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Waco Texas Legal Blog

Do drug courts work?

If you reside in Texas and are currently facing a drug-related charge, you may have justifiable concerns about the possible repercussions you may face, if convicted. Fines, time behind bars and community service are just a few of the many possible consequences you may face for a drug conviction, but rarely do these penalties address what is often the root of the problem itself: your drug addiction.

Drug courts, however, do exactly that, with the National Association of Drug Court Professionals reporting that almost 50 percent of today’s American inmates have genuine, clinical addiction issues. Whether drug court, which is, in some cases, an alternative to imprisonment, will be available to you depends on several factors, among them your criminal history, charge details and geographic location. What is clearer, however, is the positive effects drug courts have on so many criminal offenders fighting addiction.

A community wave of healing after the Gatesville explosion

The explosion at Coryell Memorial Hospital on June 26 sent a shockwave that rattled all of Gatesville. Fifteen employees of Lochridge-Priest out of Waco were badly injured and Michael Bruggman of Rogers was killed. They and their families have been forever changed by the wave of destruction. Our hearts go out to them and we all hope for a full recovery.

After the tragic blast, the community responded quickly. Soon, there was a wave of action from all corners of the area. The injured were cared for and the seniors at the nursing home were relocated. A wave of healing and prayer and love has washed over Gatesville, Waco, and all the towns of the area even more powerful than the deadly blast.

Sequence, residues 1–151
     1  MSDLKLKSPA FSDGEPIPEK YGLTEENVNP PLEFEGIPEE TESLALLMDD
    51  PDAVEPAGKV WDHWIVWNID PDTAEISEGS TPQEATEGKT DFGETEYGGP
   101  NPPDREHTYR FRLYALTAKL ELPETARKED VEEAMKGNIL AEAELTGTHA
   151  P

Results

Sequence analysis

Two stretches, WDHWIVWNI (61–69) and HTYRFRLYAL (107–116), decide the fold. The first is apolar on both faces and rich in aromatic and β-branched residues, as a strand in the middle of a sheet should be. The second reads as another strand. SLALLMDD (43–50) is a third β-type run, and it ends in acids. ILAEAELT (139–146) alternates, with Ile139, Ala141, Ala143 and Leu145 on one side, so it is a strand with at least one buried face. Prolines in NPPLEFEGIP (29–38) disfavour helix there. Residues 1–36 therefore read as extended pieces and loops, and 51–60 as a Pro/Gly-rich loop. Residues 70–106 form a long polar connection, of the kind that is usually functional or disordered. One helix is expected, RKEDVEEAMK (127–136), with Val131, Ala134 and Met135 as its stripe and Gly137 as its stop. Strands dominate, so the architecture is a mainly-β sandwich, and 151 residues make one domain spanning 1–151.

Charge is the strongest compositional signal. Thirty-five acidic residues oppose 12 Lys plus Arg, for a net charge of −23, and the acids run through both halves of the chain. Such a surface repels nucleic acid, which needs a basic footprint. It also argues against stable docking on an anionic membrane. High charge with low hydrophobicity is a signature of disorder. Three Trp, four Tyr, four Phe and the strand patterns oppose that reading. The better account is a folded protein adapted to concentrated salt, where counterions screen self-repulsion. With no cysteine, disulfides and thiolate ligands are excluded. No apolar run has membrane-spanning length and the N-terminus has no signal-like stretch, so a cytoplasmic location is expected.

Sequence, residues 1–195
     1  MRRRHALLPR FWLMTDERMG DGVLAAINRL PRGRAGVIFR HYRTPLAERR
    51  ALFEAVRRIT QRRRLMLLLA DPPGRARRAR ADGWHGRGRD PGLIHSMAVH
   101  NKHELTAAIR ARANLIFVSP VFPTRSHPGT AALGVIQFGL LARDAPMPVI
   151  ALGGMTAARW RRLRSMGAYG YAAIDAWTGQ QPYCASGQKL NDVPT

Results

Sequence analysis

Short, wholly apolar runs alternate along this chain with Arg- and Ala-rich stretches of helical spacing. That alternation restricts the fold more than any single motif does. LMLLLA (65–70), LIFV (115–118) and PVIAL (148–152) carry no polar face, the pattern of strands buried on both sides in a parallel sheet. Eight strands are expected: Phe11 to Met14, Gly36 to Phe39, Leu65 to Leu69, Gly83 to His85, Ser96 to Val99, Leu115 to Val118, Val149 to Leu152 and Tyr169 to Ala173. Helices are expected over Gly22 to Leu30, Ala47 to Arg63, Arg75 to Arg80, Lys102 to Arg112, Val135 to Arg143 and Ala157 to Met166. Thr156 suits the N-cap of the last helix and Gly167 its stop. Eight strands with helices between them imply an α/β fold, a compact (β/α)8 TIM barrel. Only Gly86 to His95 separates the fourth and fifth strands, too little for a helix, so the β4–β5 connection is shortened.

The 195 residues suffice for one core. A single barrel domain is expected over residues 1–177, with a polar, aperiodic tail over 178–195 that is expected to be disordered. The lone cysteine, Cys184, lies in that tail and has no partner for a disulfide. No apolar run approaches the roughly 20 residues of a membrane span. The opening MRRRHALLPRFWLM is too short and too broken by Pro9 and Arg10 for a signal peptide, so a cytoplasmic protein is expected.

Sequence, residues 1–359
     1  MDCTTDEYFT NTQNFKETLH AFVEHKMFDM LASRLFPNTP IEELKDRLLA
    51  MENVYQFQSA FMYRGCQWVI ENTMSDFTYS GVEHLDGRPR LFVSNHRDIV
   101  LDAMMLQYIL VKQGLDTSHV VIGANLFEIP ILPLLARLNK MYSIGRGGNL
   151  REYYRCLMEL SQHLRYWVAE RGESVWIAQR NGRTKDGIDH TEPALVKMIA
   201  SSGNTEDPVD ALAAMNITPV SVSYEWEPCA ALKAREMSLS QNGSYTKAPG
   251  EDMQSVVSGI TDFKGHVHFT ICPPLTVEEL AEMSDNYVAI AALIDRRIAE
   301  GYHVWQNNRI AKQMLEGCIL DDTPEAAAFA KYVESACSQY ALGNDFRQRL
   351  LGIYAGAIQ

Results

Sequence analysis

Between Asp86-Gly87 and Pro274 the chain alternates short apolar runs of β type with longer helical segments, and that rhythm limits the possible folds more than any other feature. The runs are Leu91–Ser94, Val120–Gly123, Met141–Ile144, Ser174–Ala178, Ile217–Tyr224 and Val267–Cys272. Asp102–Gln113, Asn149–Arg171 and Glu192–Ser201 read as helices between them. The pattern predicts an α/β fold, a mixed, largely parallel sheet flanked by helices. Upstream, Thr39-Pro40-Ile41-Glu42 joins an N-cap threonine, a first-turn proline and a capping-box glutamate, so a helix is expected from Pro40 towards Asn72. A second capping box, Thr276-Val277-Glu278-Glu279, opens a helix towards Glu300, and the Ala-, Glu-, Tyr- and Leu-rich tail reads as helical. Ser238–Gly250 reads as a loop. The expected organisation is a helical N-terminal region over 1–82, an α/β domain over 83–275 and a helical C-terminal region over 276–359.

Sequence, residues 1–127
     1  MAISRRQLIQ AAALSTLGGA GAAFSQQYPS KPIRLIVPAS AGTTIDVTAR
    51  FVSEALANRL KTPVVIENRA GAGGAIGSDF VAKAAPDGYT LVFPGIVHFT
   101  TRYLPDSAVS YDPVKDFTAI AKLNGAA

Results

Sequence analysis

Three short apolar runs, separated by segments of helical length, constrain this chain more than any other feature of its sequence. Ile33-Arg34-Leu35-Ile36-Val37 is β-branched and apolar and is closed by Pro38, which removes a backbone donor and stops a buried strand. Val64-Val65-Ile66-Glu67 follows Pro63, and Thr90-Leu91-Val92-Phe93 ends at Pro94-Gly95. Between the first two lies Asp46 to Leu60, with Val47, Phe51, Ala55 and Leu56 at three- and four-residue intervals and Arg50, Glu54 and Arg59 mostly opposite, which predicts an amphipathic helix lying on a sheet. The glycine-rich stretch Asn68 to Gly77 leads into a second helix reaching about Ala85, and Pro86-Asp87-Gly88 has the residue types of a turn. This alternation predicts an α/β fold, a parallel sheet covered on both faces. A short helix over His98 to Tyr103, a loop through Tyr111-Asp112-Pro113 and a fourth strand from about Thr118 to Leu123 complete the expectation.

Removing someone from the NSOPW

If one were motivated to search Texas for registered sex offenders, the most appropriate tool for the job would be the National Sex Offender Registry: a website- and app-accessible database of people who were ordered to maintain official records of their residences due to a sex crime conviction. However, that database does not contain everyone who was ever ordered to register. 

The national database might not even include everyone who is still under their initial registration duration order. The reason for this is twofold. The Texas Code of Criminal Procedure gives those convicted of a sex crime a chance to have the court perform a risk assessment that attempts to predict an individual's:

  • Chance of recidivism
  • Continuing threat to the community

A traumatic brain injury can be a career-ending condition

The human brain is an impressive, intricate and delicate organ. Its neurons contain all of the information, preferences and memories that make us who we are. Our brains allow us to recall information we need at convenient times and help humans survive and thrive in hostile environments. However, the brain can easily end up injured, affecting its function and the abilities of the person involved.

A traumatic brain injury (TBI) can have a profound impact on the life and abilities of the injured person. Informing yourself about these injuries, as well as your rights to pursue compensation from the liable party, can help ensure you make the right choices in the wake of a serious injury.

Convictions with nationwide consequences

Your life could change drastically for a number of reasons, but few events have the lasting consequences of a federal conviction. At Hunt & Tuegel, PLLC., our entire team understands what is at stake when it comes to these cases. That is why we commit ourselves to the fervent defense of each of our clients, whether it is on the national or the state level.

Any federal criminal charges you might face could be damaging, whether you were to be convicted of the crime or exonerated of the accusations. However, whereas a spurious claim of wrongdoing poses a threat of remediable damage to your reputation or your personal life, a conviction could result in overwhelmingly severe consequences, such as:

  • Strict minimum sentencing, often including prison
  • Lifetime, involuntary offender registration